The locations for Middle School sports are not as set in stone. Where soccer, basketball, water polo and tennis will practice is still up in the air.

“Specialty Spaces” and Extracurricular Activities

Castilleja will have access to several specialized facilities at CSM that are outside of South Hall, which include the library, science labs, a 400-seat theater that will function as a stand-in for the Chapel Theater, a makerspace, the planetarium and observatory and several outdoor spaces including an amphitheater. Kauffman noted that whether or not Gatorbotics will be able to use the makerspace after school is still unclear.

There were several questions about the library as a shared space. While Castilleja will be sharing the library with CSM students, Castilleja students will have their own designated space.

Safety and Security

Parents and students alike were concerned about safety and security at CSM, especially given South Hall’s location in the center of campus and the number of shared buildings. Kauffman and Layendecker reassured the audience that students will be supervised by members of the Castilleja faculty and staff at all times, including in shared spaces like the library.

They also shared that CSM has housed other high schools before, including The Nueva School and the Middle College program.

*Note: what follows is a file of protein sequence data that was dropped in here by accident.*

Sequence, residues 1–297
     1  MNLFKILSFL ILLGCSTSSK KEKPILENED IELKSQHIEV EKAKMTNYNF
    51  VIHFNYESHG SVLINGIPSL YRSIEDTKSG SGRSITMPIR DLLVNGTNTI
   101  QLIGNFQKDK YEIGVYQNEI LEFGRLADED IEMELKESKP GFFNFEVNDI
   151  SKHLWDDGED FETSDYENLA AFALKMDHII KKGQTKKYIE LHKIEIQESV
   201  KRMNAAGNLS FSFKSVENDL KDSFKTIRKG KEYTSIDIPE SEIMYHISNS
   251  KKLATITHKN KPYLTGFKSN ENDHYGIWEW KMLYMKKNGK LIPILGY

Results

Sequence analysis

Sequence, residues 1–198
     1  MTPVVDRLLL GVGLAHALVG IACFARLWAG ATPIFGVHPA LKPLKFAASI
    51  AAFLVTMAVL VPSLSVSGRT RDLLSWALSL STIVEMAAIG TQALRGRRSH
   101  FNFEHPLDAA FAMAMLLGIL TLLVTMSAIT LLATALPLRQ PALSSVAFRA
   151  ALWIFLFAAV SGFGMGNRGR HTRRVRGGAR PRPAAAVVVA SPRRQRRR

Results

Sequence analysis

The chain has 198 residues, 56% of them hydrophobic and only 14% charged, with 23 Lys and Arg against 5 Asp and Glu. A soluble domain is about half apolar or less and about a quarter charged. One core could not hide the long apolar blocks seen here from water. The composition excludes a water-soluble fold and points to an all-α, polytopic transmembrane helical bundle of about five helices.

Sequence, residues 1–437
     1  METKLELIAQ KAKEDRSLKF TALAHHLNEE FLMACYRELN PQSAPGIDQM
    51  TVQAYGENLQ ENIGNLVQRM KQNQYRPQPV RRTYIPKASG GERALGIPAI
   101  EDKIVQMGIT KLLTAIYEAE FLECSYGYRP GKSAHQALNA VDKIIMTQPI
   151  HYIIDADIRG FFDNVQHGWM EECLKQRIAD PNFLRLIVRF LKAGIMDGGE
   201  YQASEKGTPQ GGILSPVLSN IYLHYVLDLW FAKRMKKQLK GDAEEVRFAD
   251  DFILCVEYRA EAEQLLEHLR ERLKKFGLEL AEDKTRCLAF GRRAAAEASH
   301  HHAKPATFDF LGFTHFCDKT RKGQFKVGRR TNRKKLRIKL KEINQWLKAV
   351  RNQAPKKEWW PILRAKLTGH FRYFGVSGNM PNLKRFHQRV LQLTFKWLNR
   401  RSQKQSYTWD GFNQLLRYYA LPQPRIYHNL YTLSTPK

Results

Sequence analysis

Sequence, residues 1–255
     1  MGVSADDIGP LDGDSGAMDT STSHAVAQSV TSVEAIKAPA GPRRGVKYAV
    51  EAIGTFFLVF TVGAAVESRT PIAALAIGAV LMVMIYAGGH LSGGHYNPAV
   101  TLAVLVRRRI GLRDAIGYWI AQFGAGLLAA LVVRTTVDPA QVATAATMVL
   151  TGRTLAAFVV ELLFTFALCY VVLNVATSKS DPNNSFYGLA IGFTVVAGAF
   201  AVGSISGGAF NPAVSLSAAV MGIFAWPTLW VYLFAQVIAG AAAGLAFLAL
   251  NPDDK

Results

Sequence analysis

Free from the iron fist of the Palo Alto CUP, all licensed drivers—including sophomores and juniors—may drive to school at CSM. Castilleja will have its own parking lot.

The number of bus and shuttle routes has been expanded to six, with routes posted on the Castilleja website. A 7th bus route that runs from San Mateo to Palo Alto at 6:15 p.m. every day has been added to accommodate students with after-school activities.

The last fifteen minutes of the program were dedicated to the Q&A section, which was dominated by reasonable questions of safety, transportation and, of course, sweatpants. The presenters answered some questions live, while a team of Castilleja administrators provided answers in the chat. Kauffman admitted that she was purposefully not answering many of the questions because so much is still unknown, but balanced this disconcerting fact with a chuckle about the volume of uniform-related questions. Kauffman ended the program by asking the audience, “hang in there with us.”

Correction Notice: An earlier version of this article mischaracterized the certainty of Castilleja moving to CSM. We will learn on May 10 how the board voted on the issue, and until then no decisions or statements are final.